I dread the use of the word información, because it implies a specificity that isn’t there.  But I don’t see a better choice for the translation.  Wouldn’t it be nice to be able to read Arabic?

Kevin Drum says what I guess is news:

WARRANTLESS WIRETAPPING UPDATE….It looks like House Democrats have caved on the NSA spying bill. "It was total meltdown," says the director of the Washington legislative office of the American Civil Liberties Union. No details yet on exactly what’s in the Senate bill that takes its place, but it doesn’t look good. More later.

The weakness of the Democratic party on security is because there’s no process by which a more adequate and sophisticated view could emerge.  Do I believe that?  Is there not some think tank capacity in the party?

Matt Stoller writes about a new democratic foreign policy.  He links Burma and the openness of the Internet and The Law Of The Sea. Connecting the law of the oceans with the openness of the Internet feels to me really evocative and interesting as a kind of new spiritual and pragmatic reality about humans and the earth.

But it is just a piece of what is required and does not quite add up to a policy democrats could get beyond in contrast to the republicans.  I should say the Bush administration, because most Republicans are as confused as the Democrats.

It is hard to find the right vocabulary.

From Roubini on credit markets and recession.

The similarities between 1987 and today go far deeper than media dust-ups. Take, for example, twin deficits—the existence of both large and unsustainable budget deficits and current account deficits that are leading to an accumulation of a large stock of public debt and foreign debt in the United States. In the years leading up to Black Monday, unsustainable tax cuts and excessive military spending during President Ronald Reagan’s first term led to a strong dollar and a large current account deficit. After 1985, driven by the unsustainable external imbalance, the dollar started to fall. Likewise, today we bear the consequences of unsustainable tax cuts and runaway military spending. And since 2002, the dollar has started to fall under the pressure of the external imbalance.

I think it makes a difference who really holds the paper, negative and positive. But this is just my ignorance. Same with the following Feel too slippery to me, too many variables.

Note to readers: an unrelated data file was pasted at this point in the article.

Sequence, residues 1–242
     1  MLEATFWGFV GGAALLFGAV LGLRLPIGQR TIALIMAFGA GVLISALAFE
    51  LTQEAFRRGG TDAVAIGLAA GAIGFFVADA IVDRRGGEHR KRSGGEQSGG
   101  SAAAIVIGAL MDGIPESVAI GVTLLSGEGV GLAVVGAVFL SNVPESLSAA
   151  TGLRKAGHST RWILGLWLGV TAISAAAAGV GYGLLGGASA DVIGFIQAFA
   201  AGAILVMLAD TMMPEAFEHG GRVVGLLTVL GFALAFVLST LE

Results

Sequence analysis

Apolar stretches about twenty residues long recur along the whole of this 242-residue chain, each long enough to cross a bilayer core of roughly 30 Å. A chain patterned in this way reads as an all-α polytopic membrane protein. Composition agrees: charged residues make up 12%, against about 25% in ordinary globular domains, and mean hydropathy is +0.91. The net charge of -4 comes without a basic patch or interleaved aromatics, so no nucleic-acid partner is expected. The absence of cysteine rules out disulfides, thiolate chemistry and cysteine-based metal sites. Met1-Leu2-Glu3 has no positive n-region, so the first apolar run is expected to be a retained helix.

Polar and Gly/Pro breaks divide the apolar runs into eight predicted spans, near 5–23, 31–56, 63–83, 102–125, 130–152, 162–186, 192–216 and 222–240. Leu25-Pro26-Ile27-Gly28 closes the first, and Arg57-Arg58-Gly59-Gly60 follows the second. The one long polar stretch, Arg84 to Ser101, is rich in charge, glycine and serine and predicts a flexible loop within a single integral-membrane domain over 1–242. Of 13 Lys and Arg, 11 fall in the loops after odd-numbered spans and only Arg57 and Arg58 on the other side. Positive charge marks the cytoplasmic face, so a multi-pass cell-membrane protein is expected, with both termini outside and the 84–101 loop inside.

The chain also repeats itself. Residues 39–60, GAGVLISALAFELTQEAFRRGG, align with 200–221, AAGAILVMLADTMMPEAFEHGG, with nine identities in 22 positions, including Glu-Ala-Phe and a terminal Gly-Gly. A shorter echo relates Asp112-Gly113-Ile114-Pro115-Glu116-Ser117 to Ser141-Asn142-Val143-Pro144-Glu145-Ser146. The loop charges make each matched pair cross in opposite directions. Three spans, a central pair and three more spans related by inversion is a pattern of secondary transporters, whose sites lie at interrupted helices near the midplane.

Most notably, there are troubling parallels between 1987 and the present in trade. In the months leading up to Black Monday, the United States blamed Germany’s and Japan’s “weak” currencies for the continued U.S. trade deficit. In particular, American politicians stoked fears that a rising export giant like Japan would hollow out the U.S. manufacturing sector. The tensions came to a boil on October 18, when Treasury Secretary James Baker strongly suggested the need for a further fall in the dollar and implied that the reluctance of Germany and Japan to let the mark and yen appreciate could be met with retaliatory trade actions. The following day, the infamous Black Monday of October 19, 1987, the stock market crashed: The Dow Jones industrial average went into a free fall, losing 22.6 percent of its total value. The S&P 500 collapsed by 20.4 percent. This was the largest loss that Wall Street had ever experienced in a single day.

Part of the problem is, a real fall in the value of assets means they will be cheap, and here seems to be lots of money in the system owed by those who could benefit by a real fall. Looking for example at foreclosures on homes: who is getting them?

This week’s New Yorker (oct 22) has a full page ad for Samsung phones, a young man and girl at dinner and the caption is "TALK OF THE TOWN: you are on the line to gather the gang for an unforgettable evening out." He is being super male violating her with the camera and she looks terrified. Are we not supposed to see it?

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You are currently reading Notes Oct 18 at Reflections on GardenWorld Politics Douglass Carmichael.